Bishop Tends to Flock
By Stacy Milbouer
Nashua (NH) Telegraph
March 3, 2002
Nashua -- Auxiliary Bishop Francis Christian came to the Parish of the Resurrection on Saturday to celebrate Mass, "to share in the pain" of parishioners who recently learned their former pastor was accused of sexual misconduct with a minor � and to declare that priests like the Rev. Albion Bulger "are not moral monsters."
Before Mass began, Christian said both he and Bishop John McCormack felt it was important "to be here as soon as we could to share in your pain confusion . . . your anger."
Christian was referring to the fact that Bulger, who served as pastor of the Parish of the Resurrection from 1991 to 2001, was named by the Diocese of Manchester as one of 14 New Hampshire priests accused of sexual misconduct with minors during a 24-year span that ended in 1987. That announcement came, at the attorney general's request, on Feb. 15.
Ten of those priests served in Nashua-area churches at some time during their careers.
Christian filled the parish in on some details involving Bulger's case that had not previously been released.
He told the congregation that "in July 2001 an adult came forward and made an allegation concerning activities with Father Bulger that happened sometime in 1975-76.
"It was the first the diocese had an allegation against Father Bulger," he said.
According to official Catholic directories, Bulger was serving at St. Kathryn Church in Hudson from 1969 to 1975 and at Mary Queen of Peace Church in Salem from 1975 to 1990. He was ordained in 1956.
While Bulger told people he was retiring in the fall of 2001, and church directories listed him as retired, the diocese classified him as a priest who had his duties rescinded. Bulger could not be reached for comment since the list was released.
Christian told the congregation the diocese was not aware of any problems, "here at Resurrection."
He went on to say that as is true in all cases, "we did a thorough investigation. People involved were interviewed. Father Bulger was interviewed and he willingly went through a psychiatric examination. The diocese concluded that the allegation was credible. That is not an admission we made easily or lightly."
Christian went on to say that diocesan policy dictates "if there's a substantial case . . . a priest cannot remain in the ministry."
He said "the current state of understanding" about people who sexually abuse minors is that "it's a problem that can be controlled but not cured." He said like other compulsive behaviors such as alcohol or drug addiction, even if someone controls the behavior for years "there's no guarantee that tomorrow there won't be a slip. It's for that reason, to err on the side of the victim" that action was taken.
"Obviously these . . . situations are tragic for the victims who carry scars their whole lives. This is a terrible betrayal . . . "
Christian urged the congregation to pray for the victims and to pray for the people of the church. "If you can't bring your child to church and feel safe then where can you feel safe?"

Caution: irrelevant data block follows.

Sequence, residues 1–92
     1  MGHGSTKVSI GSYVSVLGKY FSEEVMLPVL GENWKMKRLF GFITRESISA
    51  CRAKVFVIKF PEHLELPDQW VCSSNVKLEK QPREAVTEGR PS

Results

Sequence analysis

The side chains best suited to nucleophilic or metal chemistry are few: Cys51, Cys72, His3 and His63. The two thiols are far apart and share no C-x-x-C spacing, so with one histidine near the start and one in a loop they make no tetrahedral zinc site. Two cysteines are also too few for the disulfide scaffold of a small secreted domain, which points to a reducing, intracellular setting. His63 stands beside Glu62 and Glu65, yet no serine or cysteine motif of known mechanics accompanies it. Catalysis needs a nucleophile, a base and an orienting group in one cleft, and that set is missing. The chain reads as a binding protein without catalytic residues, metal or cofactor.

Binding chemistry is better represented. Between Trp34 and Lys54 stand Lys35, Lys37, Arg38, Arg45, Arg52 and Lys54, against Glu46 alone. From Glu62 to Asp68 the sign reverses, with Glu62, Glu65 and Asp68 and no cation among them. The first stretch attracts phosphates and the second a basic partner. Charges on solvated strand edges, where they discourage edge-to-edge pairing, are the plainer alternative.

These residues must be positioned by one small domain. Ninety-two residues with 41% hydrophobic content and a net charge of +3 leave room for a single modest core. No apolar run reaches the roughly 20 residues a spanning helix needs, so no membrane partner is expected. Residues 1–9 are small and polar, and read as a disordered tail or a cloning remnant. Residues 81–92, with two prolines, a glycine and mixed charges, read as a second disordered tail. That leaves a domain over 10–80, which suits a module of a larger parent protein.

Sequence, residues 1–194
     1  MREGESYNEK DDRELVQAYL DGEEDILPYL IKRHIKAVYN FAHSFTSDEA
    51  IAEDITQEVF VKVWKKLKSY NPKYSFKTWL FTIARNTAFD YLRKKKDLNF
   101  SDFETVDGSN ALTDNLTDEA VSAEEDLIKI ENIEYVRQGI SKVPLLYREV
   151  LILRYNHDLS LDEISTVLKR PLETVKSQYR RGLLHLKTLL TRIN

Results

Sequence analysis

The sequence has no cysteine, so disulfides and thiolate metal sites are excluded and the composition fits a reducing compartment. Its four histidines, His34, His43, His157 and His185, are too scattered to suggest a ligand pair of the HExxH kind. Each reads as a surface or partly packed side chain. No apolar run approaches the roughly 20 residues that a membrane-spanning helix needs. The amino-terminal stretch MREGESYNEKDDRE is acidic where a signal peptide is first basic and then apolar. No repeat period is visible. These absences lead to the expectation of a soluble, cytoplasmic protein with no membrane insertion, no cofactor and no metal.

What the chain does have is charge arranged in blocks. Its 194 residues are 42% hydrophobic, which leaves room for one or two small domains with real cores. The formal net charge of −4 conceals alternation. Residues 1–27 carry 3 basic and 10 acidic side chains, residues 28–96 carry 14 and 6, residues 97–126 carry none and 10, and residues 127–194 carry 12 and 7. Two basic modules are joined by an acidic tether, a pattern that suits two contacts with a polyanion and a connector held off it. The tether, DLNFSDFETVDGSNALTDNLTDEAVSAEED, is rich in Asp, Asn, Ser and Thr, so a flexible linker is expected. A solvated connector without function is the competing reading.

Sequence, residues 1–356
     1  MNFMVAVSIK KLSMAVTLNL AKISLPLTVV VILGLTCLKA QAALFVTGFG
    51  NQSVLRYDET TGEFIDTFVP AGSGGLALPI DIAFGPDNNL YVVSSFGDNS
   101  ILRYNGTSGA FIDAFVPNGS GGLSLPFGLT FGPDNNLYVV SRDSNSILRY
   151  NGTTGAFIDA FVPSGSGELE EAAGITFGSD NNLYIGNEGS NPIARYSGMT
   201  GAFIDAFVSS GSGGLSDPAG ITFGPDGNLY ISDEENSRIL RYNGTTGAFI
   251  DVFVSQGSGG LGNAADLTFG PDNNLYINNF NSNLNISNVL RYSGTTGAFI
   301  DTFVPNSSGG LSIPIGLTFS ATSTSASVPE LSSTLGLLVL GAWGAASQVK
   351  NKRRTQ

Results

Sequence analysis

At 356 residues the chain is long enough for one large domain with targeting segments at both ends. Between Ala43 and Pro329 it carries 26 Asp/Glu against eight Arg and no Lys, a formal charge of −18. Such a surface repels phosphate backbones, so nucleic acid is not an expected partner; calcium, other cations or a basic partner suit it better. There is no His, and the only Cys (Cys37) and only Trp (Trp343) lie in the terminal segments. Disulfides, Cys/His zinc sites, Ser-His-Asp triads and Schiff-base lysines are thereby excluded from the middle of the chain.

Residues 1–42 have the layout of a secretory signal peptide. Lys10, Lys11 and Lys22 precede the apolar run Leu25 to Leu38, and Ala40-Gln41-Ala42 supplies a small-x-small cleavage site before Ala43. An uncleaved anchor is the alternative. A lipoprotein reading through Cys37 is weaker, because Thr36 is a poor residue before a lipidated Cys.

The auxiliary bishop then asked for prayers for "all the priests who stand in pulpits week after week who don't have the same problem. This problem, a compulsion for sexual misconduct with children � actually with minors, because (the victims) ranged all the way up to 18 � cuts all across society, it's not just restricted to one group. Married men have had the same problem as some priests.
"The rest of us are painted under the same cloud of suspicion. I need you to pray that people don't blame all priests. The vast majority are wonderful men who lay down their lives for you."
Finally Christian asked parishioners to pray for the priests "who do have this problem. They are not moral monsters. They have a problem and that problem causes others to suffer. In our society we define people by their problems. Someone is a thief or a child abuser. Father Bulger did many wonderful things for all of you. He's a dedicated man in many ways. We need to remember not just his problem, but all the good things he did."
Christian concluded by saying the priority was children and that's why action was taken against Bulger and the others.
"We need to make the church safe, as unlikely as this would be to surface again. Finally pray for the bishops. We've been accused of many things. Never did we try to cover up these problems.
"Did we make mistakes? Yes. We didn't understand the problem fully 20 years ago."
Christian said in retrospect the advice the diocese received from professionals at the time wasn't right.
"That's different than covering something up. But we have to live with it. Pray we make the right decision for everybody," he said.
The auxiliary bishop also invited parishioners to come talk to him after Mass if they had concerns or questions and said that a new pastor would be named to the parish this summer.
In the same spirit of contrition, copies of a letter from Bishop McCormack were placed church bulletins throughout the state this weekend. McCormack sent out a similar letter right after the list of 14 priests was released.
The latest letter, dated March 2, expresses the bishop's hope "that our anguish for the Church, the victims and for the priests accused does not cloud the faith we have in God and the respect and care people have for their local parish and priest.
"Knowing the grief and embarrassment you and I can feel for all these matters, there is a danger of feeling alone and not dealing with our anxieties . . . in a constructive way. I encourage you to talk to about your sentiments and feelings with other parishioners, with your parish priests and with friends. The more we are able to talk about our concerns, the more our wound now opened can be healed, then we will begin to experience needed support.
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